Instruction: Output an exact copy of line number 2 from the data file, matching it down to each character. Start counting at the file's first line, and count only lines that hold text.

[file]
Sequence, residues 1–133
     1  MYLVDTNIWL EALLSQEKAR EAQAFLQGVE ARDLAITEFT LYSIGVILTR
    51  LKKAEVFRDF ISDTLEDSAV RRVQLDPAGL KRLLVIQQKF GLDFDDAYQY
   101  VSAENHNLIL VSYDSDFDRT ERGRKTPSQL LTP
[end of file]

     1  MYLVDTNIWL EALLSQEKAR EAQAFLQGVE ARDLAITEFT LYSIGVILTR